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Toe Position on Narrow Stance Squats?

I’m trying to not build my inner thighs anymore. In a narrow or close stance squat (and squat variations), does having toes pointed in or out effect the inner thigh activation? It seems to me that pointing out creates less activation. Is this correct o would straight ahead be better for this? Balance isn’t an issue.


Foot position should be in line with your legs. In a narrow stance squat, I can’t picture anything other than your knees pointing straight ahead. That means your feet should point straight ahead.

If you want your feet to point out then you’ll need a stance that allows your knees to go that direction.

I’m having a hard time describing this so here are some pictures.
Wide Stance

Narrow Stance

Narrow Stance (toes out)

I didn’t even know that last one was a thing but notice how the knees always stay in line with the feet during the movement.

I’ve never done that last version but it looks like it would load the outer hip (glute medius) more than anything else. I’ve always felt more inner thigh (adductors) activation with a wider stance. I’ve noticed it on deadlifts, Romanian deadlifts, and squats.

I hope this helps. The simplest answer is to try different things and see how it feels. If it doesn’t do what you want then try a different movement and continue until you find your favorite.

Everyone is different, I would rely on how it feels. You should be able to feel tension in your inner thigh if those muscles are being heavily activated.

It’s going to largely depend on how your hips are built and how your femurs sit in the hip sockets.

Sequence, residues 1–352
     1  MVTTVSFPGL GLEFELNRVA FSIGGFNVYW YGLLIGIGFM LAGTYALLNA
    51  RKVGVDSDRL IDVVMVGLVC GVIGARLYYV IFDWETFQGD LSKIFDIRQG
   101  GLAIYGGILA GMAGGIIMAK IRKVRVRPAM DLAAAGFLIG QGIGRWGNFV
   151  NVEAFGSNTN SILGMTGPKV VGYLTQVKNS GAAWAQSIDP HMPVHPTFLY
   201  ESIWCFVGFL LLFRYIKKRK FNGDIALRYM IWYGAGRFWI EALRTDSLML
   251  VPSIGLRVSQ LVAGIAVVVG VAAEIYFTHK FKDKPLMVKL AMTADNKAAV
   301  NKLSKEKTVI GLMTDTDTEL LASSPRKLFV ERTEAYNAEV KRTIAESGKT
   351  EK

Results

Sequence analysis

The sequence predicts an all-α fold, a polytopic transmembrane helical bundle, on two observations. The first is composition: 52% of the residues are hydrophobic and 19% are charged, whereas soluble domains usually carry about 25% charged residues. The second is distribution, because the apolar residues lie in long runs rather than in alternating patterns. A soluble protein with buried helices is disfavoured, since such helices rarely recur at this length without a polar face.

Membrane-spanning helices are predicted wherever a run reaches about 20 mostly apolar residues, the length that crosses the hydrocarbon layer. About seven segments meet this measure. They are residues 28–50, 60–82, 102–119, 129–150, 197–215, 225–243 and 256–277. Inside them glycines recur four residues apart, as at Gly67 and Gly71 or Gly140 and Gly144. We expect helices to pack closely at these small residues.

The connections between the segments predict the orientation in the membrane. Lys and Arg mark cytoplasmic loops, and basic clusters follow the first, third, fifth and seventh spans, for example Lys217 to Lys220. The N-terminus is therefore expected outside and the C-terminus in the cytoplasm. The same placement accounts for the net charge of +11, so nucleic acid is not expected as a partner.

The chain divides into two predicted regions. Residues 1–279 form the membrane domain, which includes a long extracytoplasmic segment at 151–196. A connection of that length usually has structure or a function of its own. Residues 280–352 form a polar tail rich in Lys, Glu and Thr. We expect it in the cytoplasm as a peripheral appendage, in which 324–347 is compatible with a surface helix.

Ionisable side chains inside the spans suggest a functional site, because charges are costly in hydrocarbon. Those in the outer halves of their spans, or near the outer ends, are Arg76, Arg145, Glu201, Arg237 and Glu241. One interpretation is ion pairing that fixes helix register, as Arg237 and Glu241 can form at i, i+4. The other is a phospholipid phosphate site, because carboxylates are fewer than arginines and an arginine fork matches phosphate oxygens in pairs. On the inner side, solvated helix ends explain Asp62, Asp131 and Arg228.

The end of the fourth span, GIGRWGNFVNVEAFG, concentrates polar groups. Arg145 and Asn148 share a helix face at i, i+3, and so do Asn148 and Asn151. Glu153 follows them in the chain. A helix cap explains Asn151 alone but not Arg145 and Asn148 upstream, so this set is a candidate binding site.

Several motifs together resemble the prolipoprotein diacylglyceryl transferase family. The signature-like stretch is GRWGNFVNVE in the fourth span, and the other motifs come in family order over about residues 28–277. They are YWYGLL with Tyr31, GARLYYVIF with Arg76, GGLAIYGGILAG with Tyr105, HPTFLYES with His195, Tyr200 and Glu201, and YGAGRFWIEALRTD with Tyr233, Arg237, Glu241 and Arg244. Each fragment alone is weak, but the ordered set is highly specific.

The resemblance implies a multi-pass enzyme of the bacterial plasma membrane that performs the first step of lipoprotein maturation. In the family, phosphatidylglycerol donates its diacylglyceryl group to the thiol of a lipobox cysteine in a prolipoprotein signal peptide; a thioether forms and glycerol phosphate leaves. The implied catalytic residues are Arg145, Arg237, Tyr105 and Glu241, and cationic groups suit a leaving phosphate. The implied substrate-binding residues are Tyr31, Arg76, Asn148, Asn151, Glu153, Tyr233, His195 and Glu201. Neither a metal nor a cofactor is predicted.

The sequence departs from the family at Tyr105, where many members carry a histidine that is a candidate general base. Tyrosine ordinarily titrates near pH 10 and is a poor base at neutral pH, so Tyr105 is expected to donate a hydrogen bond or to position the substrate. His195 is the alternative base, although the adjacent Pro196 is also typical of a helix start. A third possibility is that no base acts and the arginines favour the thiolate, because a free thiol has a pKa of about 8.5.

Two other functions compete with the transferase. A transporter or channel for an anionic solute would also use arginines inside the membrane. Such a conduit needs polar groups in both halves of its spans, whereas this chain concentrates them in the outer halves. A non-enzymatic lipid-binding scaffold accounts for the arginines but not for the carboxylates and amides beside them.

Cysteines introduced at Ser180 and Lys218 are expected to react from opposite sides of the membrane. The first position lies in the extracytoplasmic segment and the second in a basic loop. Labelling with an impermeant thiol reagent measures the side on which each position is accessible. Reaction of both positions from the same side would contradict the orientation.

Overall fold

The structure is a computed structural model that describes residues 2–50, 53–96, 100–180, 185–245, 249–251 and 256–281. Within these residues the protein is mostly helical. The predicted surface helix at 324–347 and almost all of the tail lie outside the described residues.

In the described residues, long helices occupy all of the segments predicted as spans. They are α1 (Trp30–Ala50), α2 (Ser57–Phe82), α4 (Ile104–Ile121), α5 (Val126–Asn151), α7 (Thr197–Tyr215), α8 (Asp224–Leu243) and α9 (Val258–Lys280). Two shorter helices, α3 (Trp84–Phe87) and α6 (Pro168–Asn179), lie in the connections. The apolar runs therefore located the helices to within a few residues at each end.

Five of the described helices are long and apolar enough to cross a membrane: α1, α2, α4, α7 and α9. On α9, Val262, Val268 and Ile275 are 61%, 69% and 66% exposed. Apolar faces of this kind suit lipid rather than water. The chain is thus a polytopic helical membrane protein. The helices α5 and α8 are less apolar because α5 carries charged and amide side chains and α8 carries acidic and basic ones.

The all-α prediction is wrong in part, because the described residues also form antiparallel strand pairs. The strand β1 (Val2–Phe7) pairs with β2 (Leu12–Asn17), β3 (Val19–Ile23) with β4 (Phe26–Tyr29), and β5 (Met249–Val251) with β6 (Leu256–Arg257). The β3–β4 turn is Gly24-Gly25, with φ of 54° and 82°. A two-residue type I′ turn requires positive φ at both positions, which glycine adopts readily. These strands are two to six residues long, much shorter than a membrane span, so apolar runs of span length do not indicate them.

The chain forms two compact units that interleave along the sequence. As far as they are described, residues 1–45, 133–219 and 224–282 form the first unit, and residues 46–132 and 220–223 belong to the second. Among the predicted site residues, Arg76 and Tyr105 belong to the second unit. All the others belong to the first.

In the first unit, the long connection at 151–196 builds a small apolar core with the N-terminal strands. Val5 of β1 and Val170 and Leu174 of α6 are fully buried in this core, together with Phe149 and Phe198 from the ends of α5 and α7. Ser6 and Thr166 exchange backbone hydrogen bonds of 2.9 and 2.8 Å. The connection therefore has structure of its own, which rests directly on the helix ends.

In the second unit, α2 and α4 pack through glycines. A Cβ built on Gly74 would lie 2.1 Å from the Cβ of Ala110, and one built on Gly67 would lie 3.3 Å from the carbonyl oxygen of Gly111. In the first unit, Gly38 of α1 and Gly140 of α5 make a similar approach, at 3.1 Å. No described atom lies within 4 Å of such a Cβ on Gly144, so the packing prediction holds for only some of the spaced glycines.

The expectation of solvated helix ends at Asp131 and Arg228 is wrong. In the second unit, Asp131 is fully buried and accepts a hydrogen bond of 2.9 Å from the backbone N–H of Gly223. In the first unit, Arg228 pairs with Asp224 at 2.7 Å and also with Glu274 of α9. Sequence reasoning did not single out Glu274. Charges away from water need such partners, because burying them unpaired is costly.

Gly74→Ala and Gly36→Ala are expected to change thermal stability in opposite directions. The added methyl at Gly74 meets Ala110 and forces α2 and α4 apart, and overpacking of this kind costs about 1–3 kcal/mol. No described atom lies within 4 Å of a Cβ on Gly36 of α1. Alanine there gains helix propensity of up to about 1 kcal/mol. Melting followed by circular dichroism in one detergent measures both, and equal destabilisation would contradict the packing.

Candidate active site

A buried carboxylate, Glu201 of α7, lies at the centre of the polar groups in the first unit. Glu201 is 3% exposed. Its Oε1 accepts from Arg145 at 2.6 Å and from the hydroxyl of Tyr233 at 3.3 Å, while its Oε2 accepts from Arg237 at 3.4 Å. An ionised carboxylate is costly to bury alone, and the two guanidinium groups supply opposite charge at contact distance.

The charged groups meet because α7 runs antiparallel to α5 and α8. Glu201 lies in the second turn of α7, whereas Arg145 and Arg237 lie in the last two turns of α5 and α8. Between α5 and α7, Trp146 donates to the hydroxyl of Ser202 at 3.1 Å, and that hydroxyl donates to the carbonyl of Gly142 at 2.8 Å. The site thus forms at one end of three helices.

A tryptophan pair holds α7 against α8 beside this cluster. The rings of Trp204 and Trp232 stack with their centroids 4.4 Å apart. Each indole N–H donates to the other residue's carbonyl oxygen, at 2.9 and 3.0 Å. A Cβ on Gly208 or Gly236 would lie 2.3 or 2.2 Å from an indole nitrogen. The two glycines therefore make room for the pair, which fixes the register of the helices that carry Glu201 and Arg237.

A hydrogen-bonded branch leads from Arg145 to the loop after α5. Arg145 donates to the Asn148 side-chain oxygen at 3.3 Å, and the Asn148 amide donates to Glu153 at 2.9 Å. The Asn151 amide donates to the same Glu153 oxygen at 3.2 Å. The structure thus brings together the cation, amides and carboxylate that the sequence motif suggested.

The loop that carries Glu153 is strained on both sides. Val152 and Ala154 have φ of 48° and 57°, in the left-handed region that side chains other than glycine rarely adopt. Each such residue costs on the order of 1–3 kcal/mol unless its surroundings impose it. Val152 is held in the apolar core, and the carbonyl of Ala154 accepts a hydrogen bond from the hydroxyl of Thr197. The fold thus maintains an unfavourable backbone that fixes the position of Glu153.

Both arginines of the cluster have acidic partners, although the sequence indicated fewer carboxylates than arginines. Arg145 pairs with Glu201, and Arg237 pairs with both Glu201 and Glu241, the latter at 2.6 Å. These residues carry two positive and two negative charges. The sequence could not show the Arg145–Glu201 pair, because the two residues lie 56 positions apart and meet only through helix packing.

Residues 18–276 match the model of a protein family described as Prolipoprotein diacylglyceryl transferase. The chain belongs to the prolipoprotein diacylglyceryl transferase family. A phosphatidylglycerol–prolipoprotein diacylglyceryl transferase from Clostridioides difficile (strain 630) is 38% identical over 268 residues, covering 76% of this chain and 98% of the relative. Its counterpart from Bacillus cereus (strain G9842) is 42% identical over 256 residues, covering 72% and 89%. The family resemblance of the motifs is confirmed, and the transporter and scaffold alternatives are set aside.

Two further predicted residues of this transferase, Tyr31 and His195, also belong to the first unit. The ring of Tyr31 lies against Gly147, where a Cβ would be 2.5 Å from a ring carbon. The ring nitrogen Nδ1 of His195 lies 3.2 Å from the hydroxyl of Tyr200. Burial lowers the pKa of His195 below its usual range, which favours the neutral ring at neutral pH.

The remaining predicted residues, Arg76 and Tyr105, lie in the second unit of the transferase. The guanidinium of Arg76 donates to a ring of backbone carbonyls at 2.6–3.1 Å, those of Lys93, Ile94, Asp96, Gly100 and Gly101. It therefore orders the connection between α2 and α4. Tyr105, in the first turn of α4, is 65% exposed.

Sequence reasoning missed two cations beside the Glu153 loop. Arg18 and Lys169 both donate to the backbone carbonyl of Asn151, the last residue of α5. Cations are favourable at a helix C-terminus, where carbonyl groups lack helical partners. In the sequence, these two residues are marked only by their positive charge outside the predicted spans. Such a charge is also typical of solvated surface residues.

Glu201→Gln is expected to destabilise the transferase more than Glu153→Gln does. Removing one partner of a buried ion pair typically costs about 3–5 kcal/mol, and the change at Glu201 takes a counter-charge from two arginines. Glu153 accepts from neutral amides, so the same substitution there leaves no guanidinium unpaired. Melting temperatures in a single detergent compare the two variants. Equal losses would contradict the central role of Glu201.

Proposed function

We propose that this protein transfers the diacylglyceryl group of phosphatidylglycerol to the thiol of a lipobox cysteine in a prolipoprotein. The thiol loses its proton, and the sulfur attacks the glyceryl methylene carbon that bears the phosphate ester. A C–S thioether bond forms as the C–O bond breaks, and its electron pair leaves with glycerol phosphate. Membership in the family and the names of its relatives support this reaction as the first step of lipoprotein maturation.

I’m incapable of the middle pic posted by @Frank_C, but I can do the 3rd pic.

If you able to, having your toes pointing more forward will decrease adductor activity. With feet that are flared more, your adductors will assist with hip extension more and be activated more.

Thanks for all of the info. I’m stable with my feet narrow and straightforward, so I’ll try that for awhile and see how it goes. I still feel a little adductor involvement this way, but I’ll see if there’s any real work done by them after a couple of workouts. My legs respond quickly so I wanted to be sure I wasn’t going down the wrong path. I want to increase my outer quad while maintaining a gap between my legs.

Thanks again

so the good thing for you here is that this will likely stay almost no matter what you do. That’s a genetic quality based on your hip structure, and even adding significant muscle mass throughout your quads will likely not change that gap.

My quads as a whole respond quickly. I stopped training them a few years ago to let them go a bit, as it wasn’t the aesthetic I wanted. I tried hack squats with a very narrow stance yesterday and was still feeling it in the inner quad, probably due to an imbalance.

I’m going to keep trying different exercises and stances/positions to achieve the look I want. I know I’m creating more imbalance, but I’m after aesthetics, not performance. I’m looking at hiring a trainer with IFBB experience to achieve my goal.

Thanks again for the info, input and knowledge. I really appreciate all of the responses.

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are you actually looking to compete, or are you hiring an ifbb trainer simply for their knowledge base? just curious. I’d be interested to hear what feedback you get when you talk to them.

No, I’m not looking to compete, but I’m beyond the “enthusiast” level. I would like the advanced knowledge of an advanced trainer and take things up a notch. I’ve worked with a number of trainers in the past, and never had a good match. I’ve butted heads when I’ve disputed ACE and NASM manuals with clinical double bind studies. At one point, I was going for my certification, so I’ve studied their materials and I know the approach.

I don’t mean to cut down personal trainers - not at all. However, it takes a different skillset to trainer a lifelong athlete with specific goals (and workaround past injuries) than it does to get the average client “in shape”.